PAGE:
The objective of inpatient treatment is to get patients to a position where they can understand themselves, their triggers, coping mechanisms and to help them learn relevant skills before for long-term sobriety. Inpatient treatment usually lasts between 30 and 90 days and will always end with patients being offered the support they need to carry on their recovery journey in the regular world. Visit our guide for more information on inpatient treatment. 
Outpatient treatment for addiction is provided in offices, facilities, or sometimes, in-home or community settings. This type of treatment does not include overnight stays and instead offers group or individual treatment throughout the week. Intensive outpatient programs (IOP) involve going to a facility several times a week for groups, individual therapy, case management, and in some cases, medication.  IOP’s are often used as a step-down from inpatient or residential levels of care, or for people with moderate or severe addictions.
Traditional outpatient addiction treatment involves group and/or family and individual therapy appointments once or sometimes twice per week. Therapy sessions are usually provided by a licensed counselor, addiction specialist, or social worker, and will focus on helping a person in recovery maintain their sobriety. This type of treatment may be right for people with mild forms of addiction or those who have completed higher levels of care. You can learn more about the different kinds of outpatient treatments here. 
Planning for life after treatment
Preparing to reenter normal life after treatment is a huge step for all patients and no two people will experience the same. Challenges like financial/job insecurity, damaged relationships, exposure to triggers, and mental and emotional issues can all make the transition out of treatment difficult for those in recovery. Because of these challenges, it may be best to transition slowly out of treatment, and also to consider joining a support or recovery group (like 12 step meetings or SMART recovery groups) for additional help.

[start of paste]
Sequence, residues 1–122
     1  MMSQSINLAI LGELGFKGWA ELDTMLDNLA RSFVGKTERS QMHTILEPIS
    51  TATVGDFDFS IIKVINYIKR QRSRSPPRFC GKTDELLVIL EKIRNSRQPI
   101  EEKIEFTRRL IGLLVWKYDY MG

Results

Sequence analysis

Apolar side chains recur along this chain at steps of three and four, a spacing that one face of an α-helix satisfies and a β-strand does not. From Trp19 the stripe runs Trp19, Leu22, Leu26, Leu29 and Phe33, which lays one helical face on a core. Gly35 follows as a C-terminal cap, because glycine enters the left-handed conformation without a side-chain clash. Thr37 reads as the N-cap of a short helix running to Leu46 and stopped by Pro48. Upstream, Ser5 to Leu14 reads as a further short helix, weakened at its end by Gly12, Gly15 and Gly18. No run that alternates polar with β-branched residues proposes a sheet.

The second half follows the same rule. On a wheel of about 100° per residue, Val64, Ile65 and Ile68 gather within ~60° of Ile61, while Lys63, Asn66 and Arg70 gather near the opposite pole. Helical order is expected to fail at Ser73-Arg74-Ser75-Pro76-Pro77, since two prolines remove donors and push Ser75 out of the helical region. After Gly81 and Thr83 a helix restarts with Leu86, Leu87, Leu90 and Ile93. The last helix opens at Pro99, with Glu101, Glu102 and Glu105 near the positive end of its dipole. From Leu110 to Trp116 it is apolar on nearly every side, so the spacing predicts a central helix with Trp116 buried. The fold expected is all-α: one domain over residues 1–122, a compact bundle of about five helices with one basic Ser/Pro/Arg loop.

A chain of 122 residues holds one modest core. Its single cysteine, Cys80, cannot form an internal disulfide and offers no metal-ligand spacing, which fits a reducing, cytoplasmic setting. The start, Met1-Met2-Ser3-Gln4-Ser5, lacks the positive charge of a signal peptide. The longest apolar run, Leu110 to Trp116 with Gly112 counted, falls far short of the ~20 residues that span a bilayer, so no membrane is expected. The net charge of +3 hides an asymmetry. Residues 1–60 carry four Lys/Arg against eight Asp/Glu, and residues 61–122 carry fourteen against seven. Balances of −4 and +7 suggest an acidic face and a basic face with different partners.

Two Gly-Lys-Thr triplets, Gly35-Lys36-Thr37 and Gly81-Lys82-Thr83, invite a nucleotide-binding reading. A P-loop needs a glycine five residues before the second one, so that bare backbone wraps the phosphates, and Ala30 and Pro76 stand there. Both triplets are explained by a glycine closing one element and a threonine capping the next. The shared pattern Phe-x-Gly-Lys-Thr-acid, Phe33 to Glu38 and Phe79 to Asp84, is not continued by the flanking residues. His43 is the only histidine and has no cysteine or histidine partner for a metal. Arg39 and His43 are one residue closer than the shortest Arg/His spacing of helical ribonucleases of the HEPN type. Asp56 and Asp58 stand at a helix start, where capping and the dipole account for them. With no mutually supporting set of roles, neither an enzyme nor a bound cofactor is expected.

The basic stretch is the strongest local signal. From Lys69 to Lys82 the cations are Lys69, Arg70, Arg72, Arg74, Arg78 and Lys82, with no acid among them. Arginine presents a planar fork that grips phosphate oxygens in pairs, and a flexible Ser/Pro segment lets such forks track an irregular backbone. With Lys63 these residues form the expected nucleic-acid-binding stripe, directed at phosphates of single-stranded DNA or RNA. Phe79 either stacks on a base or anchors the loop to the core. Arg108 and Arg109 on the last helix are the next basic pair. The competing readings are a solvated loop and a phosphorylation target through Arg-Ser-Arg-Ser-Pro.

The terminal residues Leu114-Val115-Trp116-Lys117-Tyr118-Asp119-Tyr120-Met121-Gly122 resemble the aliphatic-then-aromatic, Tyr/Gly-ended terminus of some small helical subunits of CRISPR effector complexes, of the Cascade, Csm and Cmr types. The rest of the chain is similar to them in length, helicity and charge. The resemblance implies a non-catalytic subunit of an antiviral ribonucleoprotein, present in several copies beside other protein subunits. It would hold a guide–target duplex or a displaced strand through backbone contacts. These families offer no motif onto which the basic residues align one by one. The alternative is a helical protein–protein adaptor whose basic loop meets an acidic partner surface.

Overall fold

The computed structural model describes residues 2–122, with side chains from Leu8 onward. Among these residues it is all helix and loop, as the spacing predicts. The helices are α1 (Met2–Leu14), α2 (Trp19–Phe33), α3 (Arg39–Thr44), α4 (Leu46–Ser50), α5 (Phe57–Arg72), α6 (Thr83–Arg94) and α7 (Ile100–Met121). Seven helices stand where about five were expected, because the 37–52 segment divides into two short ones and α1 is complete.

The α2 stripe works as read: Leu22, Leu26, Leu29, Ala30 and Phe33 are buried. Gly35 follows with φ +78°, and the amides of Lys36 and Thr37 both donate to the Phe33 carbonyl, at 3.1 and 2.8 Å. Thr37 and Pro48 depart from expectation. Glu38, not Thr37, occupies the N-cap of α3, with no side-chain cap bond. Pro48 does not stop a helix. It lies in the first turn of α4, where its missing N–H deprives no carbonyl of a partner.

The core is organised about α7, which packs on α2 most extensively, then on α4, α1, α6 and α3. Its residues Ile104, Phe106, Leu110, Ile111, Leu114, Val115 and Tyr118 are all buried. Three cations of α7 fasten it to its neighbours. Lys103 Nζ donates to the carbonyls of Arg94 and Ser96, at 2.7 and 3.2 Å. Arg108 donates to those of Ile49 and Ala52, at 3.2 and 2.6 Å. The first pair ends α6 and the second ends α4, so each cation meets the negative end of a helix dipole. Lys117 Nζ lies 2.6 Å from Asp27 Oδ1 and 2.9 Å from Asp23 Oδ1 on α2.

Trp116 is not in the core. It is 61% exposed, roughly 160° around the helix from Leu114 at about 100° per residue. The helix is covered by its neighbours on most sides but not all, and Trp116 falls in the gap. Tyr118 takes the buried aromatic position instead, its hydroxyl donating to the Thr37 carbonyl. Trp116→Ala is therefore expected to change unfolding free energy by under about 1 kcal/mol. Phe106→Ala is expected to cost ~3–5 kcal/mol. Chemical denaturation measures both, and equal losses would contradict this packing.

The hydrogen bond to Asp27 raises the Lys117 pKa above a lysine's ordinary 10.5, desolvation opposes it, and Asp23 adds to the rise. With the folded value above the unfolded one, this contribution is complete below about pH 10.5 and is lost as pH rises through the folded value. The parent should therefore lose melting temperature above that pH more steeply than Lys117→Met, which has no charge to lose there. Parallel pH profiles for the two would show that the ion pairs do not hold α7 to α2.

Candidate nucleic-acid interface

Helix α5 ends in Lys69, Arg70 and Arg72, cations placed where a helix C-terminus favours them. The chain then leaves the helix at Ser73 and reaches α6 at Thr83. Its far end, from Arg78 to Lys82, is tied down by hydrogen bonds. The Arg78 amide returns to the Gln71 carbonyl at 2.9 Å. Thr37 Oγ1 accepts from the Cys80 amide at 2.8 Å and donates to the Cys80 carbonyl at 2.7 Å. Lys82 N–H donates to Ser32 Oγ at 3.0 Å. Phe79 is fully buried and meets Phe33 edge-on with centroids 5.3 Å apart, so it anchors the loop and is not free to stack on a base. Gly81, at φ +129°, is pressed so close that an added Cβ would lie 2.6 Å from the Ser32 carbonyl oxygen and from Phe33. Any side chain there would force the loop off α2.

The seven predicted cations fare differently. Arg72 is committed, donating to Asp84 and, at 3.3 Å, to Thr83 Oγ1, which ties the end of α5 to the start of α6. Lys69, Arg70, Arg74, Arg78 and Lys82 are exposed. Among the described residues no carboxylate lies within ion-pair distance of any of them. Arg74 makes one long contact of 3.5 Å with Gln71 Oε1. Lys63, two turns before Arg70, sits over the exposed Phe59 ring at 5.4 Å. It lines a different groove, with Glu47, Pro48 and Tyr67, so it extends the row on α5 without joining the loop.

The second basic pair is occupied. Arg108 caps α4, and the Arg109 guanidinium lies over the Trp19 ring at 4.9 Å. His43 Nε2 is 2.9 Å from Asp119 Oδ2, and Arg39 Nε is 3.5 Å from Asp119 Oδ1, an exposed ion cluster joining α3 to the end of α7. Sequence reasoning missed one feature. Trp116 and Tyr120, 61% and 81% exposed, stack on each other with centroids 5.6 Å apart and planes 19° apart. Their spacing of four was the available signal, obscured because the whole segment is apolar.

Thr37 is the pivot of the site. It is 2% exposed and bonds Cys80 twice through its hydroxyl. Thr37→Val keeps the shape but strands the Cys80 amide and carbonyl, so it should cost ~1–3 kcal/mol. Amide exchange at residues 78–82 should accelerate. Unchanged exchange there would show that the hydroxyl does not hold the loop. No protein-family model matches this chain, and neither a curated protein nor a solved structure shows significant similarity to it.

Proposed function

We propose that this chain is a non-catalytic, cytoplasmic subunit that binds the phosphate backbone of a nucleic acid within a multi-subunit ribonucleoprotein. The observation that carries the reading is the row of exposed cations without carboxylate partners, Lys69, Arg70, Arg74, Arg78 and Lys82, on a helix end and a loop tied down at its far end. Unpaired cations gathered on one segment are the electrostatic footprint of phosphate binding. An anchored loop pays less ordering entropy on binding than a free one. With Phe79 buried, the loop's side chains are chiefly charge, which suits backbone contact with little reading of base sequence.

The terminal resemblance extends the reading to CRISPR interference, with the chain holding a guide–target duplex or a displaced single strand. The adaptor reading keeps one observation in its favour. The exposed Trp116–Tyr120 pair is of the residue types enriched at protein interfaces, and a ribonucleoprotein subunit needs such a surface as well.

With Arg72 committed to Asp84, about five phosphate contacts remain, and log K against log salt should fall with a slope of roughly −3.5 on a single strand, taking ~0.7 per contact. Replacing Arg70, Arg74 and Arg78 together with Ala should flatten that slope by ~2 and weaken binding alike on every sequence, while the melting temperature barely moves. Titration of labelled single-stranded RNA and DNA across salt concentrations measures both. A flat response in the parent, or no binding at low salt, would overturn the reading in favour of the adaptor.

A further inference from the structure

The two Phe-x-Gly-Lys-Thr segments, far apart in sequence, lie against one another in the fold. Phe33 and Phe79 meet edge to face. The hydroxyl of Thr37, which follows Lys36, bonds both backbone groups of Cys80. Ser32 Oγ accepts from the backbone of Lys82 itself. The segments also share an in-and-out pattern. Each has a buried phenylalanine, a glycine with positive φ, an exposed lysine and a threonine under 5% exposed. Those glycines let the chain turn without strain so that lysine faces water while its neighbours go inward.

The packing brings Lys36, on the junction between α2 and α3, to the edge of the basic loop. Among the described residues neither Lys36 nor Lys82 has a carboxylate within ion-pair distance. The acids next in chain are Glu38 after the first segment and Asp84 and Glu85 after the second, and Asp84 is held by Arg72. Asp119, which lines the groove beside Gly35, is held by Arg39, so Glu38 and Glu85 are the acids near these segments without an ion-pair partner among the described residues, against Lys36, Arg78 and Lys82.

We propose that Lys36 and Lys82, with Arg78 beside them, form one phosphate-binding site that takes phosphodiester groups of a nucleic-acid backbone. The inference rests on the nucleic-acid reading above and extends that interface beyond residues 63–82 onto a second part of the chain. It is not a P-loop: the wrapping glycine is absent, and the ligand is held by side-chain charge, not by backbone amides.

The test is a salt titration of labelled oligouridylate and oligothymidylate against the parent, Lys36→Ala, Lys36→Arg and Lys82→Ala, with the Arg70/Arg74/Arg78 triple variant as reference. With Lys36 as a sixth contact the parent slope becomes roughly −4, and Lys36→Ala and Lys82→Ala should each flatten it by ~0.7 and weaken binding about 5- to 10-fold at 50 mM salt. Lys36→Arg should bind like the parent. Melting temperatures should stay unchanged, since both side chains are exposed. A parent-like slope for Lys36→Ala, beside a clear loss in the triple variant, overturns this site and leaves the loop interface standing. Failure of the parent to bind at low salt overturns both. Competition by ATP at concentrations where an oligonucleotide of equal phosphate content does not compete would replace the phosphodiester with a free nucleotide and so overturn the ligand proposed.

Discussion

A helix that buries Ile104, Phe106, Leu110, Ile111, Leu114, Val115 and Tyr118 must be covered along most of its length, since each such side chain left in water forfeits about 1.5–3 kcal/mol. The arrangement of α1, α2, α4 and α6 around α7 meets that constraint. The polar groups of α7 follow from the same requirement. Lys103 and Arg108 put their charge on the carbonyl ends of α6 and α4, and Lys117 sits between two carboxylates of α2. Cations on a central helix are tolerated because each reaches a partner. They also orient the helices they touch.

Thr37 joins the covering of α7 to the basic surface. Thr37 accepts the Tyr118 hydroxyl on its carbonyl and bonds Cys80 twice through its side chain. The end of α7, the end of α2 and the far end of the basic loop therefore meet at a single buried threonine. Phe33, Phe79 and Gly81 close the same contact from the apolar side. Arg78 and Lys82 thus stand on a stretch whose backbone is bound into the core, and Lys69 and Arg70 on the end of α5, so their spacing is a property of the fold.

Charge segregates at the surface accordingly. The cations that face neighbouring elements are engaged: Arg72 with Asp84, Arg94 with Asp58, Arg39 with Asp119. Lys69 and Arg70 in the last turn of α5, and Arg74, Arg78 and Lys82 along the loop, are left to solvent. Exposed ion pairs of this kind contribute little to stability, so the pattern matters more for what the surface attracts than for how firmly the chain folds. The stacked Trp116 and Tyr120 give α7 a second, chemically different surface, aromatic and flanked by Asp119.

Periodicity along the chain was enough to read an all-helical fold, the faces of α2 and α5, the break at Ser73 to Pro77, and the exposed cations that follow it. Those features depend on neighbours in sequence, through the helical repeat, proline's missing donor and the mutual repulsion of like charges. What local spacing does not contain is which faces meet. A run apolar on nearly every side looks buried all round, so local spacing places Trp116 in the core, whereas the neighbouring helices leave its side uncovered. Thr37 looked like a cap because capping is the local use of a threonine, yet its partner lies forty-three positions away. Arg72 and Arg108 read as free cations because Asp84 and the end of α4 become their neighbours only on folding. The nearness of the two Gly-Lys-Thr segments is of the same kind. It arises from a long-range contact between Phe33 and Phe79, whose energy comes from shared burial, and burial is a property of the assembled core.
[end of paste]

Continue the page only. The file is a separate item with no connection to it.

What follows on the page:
When someone is ready to transition to the next phase of treatment, or if they are ready to re-enter normal life, they will be officially discharged from their rehab facility. At this stage, the treatment provider will give a final assessment as well as an ongoing recovery plan and or any guidance on what their next steps should be. Many treatment facilities provide case management services to help a person identify resources or supports that can help them maintain their sobriety after leaving treatment. 
*It is rare that treatment centers will recommend anyone leaves their treatment earlier than planned and will only give consent for them to leave once they feel they have reached a successful level of sobriety.
Addiction is considered a chronic disease, and many people benefit from ongoing treatment to prevent relapse. Support groups and 12-step programs such as Alcoholics Anonymous can offer guidance, structure, and peer interaction which often prove invaluable especially in the early stages after rehab. Sober living communities may also be of help to those who live in negative environments.  Ongoing therapy or counseling is also almost always recommended for people in recovery from addiction.
Final thoughts on the addiction treatment process
According to SAMHSA, 8.5% of the U.S. population ages 12 or older needed treatment for an illicit drug or alcohol use problem in 2014, but only 18.5% of them received it.  This is a major concern since research shows that treatment greatly increases the likelihood that a person will achieve lasting sobriety. If you or a loved one needs information about treatment or help entering into treatment for addiction, reach out to a specialist today.